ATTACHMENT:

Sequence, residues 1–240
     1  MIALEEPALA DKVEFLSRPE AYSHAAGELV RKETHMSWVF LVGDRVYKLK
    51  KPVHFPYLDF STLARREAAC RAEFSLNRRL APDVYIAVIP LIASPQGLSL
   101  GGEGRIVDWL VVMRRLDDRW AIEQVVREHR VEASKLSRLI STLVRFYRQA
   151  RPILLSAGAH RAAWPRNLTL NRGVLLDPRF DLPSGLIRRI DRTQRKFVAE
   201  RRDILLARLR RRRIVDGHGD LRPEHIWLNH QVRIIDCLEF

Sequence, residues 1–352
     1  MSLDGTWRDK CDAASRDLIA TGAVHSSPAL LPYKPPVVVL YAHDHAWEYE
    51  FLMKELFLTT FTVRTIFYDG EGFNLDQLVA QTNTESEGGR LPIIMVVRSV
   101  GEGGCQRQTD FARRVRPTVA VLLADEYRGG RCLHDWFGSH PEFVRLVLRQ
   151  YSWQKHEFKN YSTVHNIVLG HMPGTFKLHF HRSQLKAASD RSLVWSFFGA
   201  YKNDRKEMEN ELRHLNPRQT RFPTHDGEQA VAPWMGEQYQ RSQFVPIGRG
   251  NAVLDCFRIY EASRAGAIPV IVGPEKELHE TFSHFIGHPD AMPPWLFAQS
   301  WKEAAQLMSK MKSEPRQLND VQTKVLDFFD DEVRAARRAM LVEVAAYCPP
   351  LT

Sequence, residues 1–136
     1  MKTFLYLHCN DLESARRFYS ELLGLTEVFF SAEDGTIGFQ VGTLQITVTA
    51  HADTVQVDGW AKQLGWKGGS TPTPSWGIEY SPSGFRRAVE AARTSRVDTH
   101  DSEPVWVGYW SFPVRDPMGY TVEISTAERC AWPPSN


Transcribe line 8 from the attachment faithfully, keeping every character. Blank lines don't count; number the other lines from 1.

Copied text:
     1  MSLDGTWRDK CDAASRDLIA TGAVHSSPAL LPYKPPVVVL YAHDHAWEYE